from The American Heritage® Dictionary of the English Language, 4th Edition

  • n. The small central circle on a target.
  • n. A shot that hits this circle.
  • n. A direct hit: scored a bull's-eye on the window with a snowball.
  • n. The precise accomplishment of a goal or purpose: "With his overflowing style, [he] almost always hits the bull's-eye of universality” ( William Zimmer).
  • n. A thick, circular piece of glass set, as in a roof or ship's deck, to admit light.
  • n. A circular opening or window.
  • n. A planoconvex lens used to concentrate light.
  • n. A lantern or lamp having such a lens.
  • n. A piece of round hard candy.

from Wiktionary, Creative Commons Attribution/Share-Alike License

  • n. Alternative spelling of bull's eye.

from the GNU version of the Collaborative International Dictionary of English

  • n. A small circular or oval wooden block without sheaves, having a groove around it and a hole through it, used for connecting rigging.
  • n. A small round cloud, with a ruddy center, supposed by sailors to portend a storm.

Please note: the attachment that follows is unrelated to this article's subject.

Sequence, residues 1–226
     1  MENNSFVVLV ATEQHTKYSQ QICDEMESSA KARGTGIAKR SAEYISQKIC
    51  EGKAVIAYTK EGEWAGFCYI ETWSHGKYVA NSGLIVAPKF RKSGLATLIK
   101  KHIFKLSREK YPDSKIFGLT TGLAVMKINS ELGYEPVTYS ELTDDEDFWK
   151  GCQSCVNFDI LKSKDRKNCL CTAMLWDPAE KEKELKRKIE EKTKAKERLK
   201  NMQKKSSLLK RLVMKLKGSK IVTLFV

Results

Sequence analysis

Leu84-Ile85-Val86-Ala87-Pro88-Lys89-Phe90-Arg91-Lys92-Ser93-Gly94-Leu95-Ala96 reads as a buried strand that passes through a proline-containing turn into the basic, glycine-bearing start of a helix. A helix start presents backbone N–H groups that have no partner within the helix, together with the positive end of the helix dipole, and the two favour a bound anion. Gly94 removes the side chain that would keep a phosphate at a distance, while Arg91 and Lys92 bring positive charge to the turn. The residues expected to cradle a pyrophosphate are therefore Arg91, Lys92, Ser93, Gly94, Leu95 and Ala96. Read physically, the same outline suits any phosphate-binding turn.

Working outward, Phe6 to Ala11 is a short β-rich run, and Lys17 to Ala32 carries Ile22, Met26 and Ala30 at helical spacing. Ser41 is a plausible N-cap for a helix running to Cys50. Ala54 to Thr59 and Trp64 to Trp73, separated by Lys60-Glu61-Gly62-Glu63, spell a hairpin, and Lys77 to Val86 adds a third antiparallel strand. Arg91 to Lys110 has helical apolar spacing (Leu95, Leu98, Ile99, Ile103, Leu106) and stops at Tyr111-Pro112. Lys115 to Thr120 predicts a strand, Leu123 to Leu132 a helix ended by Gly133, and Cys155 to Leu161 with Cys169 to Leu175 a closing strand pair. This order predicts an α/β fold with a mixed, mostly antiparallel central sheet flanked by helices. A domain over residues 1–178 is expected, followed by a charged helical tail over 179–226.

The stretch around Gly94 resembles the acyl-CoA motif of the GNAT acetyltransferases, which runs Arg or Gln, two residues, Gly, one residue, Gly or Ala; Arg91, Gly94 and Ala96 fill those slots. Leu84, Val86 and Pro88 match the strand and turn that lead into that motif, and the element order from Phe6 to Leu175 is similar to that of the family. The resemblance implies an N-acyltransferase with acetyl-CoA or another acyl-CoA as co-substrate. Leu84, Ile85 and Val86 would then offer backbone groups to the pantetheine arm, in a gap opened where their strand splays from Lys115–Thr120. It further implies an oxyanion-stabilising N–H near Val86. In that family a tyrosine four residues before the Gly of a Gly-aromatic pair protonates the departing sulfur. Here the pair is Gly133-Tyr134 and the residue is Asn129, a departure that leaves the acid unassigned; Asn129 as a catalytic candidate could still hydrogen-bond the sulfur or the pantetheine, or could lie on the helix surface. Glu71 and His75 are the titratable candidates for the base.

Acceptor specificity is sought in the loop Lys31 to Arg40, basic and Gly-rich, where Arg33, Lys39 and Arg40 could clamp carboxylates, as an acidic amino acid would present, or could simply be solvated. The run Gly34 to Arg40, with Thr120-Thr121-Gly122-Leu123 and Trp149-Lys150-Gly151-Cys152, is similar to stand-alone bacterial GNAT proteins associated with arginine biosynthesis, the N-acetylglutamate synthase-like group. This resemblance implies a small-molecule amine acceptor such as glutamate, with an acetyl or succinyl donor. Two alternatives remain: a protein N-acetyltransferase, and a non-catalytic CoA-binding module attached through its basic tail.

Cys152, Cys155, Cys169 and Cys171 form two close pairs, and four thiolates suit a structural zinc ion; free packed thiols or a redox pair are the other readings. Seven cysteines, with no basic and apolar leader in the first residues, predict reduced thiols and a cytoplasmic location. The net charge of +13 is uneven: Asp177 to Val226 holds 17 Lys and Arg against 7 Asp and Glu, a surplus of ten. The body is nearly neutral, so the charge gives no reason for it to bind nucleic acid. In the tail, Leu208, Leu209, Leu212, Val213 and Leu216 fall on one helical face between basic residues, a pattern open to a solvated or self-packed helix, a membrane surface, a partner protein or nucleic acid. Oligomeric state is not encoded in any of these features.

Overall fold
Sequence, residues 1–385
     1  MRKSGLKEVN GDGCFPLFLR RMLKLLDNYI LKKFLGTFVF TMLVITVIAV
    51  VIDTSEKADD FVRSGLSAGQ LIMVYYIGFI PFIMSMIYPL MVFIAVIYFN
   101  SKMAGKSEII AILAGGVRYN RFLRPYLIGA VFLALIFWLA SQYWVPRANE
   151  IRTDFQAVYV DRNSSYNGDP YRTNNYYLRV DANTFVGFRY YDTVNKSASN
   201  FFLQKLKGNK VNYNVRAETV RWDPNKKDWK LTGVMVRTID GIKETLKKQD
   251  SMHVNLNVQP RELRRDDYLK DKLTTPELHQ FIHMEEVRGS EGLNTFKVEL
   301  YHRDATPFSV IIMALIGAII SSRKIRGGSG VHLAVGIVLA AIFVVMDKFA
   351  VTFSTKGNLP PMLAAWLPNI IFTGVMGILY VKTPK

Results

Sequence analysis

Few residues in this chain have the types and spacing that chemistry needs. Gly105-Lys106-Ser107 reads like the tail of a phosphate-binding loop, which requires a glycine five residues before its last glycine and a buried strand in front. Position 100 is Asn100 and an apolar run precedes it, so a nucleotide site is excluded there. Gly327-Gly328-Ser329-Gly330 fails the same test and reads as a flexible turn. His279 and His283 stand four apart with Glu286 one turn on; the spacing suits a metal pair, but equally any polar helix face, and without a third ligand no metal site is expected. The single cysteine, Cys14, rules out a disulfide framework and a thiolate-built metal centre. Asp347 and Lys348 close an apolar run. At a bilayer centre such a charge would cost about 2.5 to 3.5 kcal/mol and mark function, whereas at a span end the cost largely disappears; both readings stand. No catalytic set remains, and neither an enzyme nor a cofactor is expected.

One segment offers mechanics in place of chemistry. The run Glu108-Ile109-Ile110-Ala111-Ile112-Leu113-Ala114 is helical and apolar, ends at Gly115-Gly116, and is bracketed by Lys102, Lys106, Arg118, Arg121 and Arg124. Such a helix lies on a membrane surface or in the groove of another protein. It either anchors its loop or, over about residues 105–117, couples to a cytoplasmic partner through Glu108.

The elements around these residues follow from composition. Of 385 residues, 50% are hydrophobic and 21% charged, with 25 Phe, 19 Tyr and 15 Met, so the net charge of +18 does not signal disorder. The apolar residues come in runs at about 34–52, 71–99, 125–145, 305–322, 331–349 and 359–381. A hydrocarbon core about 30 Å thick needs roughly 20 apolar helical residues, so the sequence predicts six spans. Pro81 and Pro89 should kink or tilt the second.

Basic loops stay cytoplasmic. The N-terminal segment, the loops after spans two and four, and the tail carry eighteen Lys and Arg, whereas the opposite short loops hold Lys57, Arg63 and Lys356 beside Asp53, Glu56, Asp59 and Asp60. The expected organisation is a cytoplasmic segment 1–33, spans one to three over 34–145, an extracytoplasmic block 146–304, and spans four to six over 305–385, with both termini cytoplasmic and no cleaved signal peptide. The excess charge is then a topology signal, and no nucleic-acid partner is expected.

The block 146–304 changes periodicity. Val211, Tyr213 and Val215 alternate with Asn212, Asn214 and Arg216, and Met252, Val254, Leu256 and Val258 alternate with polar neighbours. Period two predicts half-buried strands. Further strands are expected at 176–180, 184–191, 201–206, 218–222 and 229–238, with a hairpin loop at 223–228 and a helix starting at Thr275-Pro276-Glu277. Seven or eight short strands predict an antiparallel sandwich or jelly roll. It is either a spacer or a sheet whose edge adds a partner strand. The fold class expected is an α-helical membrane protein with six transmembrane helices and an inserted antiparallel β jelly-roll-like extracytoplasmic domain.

• n. A small thick disk of glass inserted in a deck, roof, floor, ship's side, etc., to let in light.
  • n. A circular or oval opening for air or light.
  • n. A lantern, with a thick glass lens on one side for concentrating the light on any object; also, the lens itself.
  • n. Aldebaran, a bright star in the eye of Taurus or the Bull.
  • n. The center of a target.
  • n. A thick knob or protuberance left on glass by the end of the pipe through which it was blown.
  • n. A small and thick old-fashioned watch.
  • n. something that exactly succeeds in achieving its goal.
  • n.

from The Century Dictionary and Cyclopedia

  • n. Nautical: An oval wooden block without a sheave, but with a groove around it for the band and a hole in the center through which a small stay or rope may be rove.
  • n. A perforated ball on the jaw-rope of a gaff.
  • n. A small obscure cloud, ruddy in the middle, supposed to portend a hurricane or storm.
  • n. The hurricane or storm itself.
  • n. In architecture, any circular opening for light or air; a bullock's-eye.